The most impactful KMUW News stories of 2021
KMUW reporters and producers share the stories that helped shape their 2021.
In contrast to the challenges that faced us in the previous year, 2021 was a year of recovery. As the world began to open up, many got vaccinated to face a new and uncertain world. A new baseball stadium finally had its opening day. Restaurants and businesses began to fill up again. Even our reporters and producers got out into the field like they used to.
As we usually do, we asked them to share the stories that shaped their year. Although they are not always the most significant stories of 2021, these are the pieces that have struck a chord with our reporters and producers.
Here is KMUW News in 2021:
The Range, our weekly show about where we live and the people who live here, celebrated its 100th episode this year. As part of that special show, we interviewed three Wichitans who also turned 100 in 2021.
“It was fun to talk with all of them,” said Tom Shine, host of The Range. “They had great stories to tell and so many memories. It was a treat.”
The remains of Father Emil Kapaun, an Army chaplain from Kansas, were identified this year, 70 years after he died in a North Korean prisoner of war camp. His return to Kansas was a moving story.
“I’ve followed Father Kapaun’s story closely for a decade now,” news director Tom Shine said, “and it’s as inspirational now as it was when I began.”
There are certain iconic brands Wichita is known for: Pizza Hut, Coleman, Cessna, Beech. Learjet might be the biggest name of the bunch.
But its parent company plans to halt production of the famous business jet this year.
“If Frank Sinatra thinks you’re cool, then you’re pretty cool,” said news director Tom Shine. “He was one of Learjet’s early customers, and he gave the jet a certain aura."
“Any chance I get to do a story about baseball, I’ll take,” news director Tom Shine said. “And I’ve always been intrigued about all the work it takes to make a baseball field look perfect. I found out it’s more work than I imagined.”
Jason McKenney ditched his day job and decided to pursue his passion: skateboarding. He opened his own shop and indoor skatepark in Andover.
In October, the city painted lines around United Methodist Open Door in downtown Wichita in order to clean up homeless encampments that have sprung up around the building.
"Had KMUW not shed light on the city’s plan," reporter Kylie Cameron said, "this likely would have gone unnoticed for a while. Often, our homeless population is forgotten, but they’re people just like us, and deserve to be listened to. Shedding light on the city’s plan to create the white lines outside of resources for homeless individuals forced the city to answer questions they probably didn’t want to, but that’s our job as journalists."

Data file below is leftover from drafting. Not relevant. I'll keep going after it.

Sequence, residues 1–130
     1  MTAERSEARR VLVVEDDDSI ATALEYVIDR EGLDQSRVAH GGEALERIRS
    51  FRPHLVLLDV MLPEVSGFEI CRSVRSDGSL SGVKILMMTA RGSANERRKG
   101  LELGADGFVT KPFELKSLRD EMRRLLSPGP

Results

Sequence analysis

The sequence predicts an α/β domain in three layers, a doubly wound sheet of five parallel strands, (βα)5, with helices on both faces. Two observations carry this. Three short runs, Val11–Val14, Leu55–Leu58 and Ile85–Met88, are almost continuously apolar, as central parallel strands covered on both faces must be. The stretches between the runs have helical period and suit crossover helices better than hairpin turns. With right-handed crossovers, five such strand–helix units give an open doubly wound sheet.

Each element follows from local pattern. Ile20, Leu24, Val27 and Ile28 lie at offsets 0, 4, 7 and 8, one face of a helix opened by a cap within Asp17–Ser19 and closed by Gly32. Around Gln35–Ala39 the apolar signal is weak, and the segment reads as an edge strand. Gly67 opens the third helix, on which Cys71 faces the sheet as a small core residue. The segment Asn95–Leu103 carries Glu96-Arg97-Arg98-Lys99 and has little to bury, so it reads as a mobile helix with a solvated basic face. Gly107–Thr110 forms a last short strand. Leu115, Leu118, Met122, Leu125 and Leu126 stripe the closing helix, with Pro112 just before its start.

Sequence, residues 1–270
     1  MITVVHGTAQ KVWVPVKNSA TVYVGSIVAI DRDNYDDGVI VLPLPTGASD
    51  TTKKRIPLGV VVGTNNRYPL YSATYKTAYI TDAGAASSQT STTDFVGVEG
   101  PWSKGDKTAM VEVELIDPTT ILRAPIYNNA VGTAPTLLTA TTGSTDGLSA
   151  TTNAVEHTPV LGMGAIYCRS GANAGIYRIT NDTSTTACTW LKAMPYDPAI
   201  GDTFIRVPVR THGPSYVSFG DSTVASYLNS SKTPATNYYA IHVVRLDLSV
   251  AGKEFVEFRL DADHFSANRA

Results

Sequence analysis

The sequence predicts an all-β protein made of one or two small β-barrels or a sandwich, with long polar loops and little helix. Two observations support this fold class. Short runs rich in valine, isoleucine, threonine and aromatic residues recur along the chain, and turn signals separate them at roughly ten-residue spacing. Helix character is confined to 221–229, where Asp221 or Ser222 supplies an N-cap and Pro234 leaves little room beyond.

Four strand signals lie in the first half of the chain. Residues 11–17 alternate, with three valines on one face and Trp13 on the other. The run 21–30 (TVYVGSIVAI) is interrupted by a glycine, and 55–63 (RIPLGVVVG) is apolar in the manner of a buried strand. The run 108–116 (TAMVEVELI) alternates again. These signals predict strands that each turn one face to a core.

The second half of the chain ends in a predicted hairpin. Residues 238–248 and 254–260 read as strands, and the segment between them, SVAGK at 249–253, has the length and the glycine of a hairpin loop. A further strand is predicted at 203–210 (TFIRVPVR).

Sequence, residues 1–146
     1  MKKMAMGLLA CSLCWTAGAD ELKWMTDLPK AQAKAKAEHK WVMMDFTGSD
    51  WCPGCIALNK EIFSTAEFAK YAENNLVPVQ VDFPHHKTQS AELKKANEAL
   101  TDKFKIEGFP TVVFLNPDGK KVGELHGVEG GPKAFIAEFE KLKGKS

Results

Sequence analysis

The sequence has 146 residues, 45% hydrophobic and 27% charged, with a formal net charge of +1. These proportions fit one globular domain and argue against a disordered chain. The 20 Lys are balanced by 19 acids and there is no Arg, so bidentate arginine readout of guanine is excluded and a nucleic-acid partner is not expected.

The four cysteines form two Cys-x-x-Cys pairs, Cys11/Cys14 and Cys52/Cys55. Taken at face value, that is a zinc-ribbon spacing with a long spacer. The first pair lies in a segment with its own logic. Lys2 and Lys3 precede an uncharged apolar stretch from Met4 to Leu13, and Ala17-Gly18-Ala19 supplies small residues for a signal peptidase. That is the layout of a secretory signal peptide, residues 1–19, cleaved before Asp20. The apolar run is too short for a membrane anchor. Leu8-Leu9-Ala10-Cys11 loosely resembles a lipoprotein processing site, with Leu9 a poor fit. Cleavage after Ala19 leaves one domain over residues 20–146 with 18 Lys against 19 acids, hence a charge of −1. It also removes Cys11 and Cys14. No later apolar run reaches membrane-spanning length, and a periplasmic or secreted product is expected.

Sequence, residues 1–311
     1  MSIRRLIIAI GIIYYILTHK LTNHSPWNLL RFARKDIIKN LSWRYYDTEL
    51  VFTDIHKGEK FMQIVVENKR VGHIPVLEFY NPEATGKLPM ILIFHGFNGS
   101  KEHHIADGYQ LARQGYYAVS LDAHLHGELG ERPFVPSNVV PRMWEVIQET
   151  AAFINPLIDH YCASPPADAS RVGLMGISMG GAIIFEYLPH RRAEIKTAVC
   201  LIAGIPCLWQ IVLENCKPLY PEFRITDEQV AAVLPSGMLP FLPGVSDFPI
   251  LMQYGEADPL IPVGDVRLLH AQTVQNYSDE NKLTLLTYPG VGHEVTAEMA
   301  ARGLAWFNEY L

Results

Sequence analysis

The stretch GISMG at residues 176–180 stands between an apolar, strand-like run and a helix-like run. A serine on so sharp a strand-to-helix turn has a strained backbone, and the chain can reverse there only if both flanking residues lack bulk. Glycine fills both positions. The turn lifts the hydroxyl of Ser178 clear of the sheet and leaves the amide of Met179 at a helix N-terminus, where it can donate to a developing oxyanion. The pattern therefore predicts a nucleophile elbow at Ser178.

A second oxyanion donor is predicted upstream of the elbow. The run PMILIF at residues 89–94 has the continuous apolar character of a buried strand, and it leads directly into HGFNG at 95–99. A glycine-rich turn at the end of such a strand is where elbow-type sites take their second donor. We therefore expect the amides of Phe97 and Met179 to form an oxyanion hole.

Kindergarten enrollment dropped nearly 9% in Kansas last year, as thousands of families opted to keep kids home during the pandemic.
"This was one of my favorite pieces this year because it was good to finally get back into classrooms again," says reporter Suzanne Perez, "talking with teachers about some of the effects of the pandemic and what it means for day-to-day learning. Parents also struggled during COVID-19, trying to figure out the best thing to do for their children and their families, so I appreciated Lindsay Drees sharing her story with us."
The reluctance to climb on a roof is good news for the growing number of businesses installing Christmas lights.
"This piece was fun to put together, just in time for the holiday season," says reporter Daniel Caudill. "I think next year, my family will hire someone else to hang our lights."
The sisters at Heartland Farm are just one of several religious communities in Kansas turning their attention to a modern crisis — climate change. Motivated by their religious beliefs, they make a faith-based case for environmentalism.
"I really enjoyed reporting this story," said reporter Brian Grimmett. "It combined two interests of mine that one doesn’t often see together. In the past few years (and for some of these organizations, even longer) more and more faith based organizations have begun to focus on their role in caring for all of God’s creations, the earth and its environment included. It’s not always easy and there is often pushback, but it was fascinating and touching to see the dedication of so many who believe there’s a legitimate connection between preventing climate change and their duty to God."
Russell Horning began his journey as an educator in Mexico. Then, after teaching high school and middle school in Wichita, he decided to make a career change.